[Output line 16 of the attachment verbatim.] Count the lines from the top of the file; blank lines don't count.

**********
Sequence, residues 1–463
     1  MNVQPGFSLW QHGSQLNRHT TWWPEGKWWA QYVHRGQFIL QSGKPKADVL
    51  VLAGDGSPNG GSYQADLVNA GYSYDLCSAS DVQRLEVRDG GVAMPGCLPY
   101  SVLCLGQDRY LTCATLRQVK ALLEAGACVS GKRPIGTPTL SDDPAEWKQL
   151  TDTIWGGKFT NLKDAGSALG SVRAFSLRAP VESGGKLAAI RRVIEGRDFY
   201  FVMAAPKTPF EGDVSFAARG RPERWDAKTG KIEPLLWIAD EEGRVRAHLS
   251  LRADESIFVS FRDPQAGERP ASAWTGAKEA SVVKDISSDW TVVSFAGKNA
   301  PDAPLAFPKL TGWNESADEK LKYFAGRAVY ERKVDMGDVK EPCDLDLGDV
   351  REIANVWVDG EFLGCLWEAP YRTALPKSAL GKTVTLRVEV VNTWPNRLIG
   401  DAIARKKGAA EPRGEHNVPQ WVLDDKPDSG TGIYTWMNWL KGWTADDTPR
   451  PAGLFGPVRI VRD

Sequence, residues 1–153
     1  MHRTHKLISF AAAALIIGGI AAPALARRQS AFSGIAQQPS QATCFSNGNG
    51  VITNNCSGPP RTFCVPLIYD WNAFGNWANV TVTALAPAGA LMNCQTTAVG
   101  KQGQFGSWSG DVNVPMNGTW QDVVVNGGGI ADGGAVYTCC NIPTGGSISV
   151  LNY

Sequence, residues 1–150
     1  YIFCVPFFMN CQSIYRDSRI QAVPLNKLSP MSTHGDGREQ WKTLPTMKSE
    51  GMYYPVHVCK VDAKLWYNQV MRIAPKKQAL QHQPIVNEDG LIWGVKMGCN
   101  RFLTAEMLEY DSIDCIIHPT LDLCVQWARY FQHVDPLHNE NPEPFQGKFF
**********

   151  LNY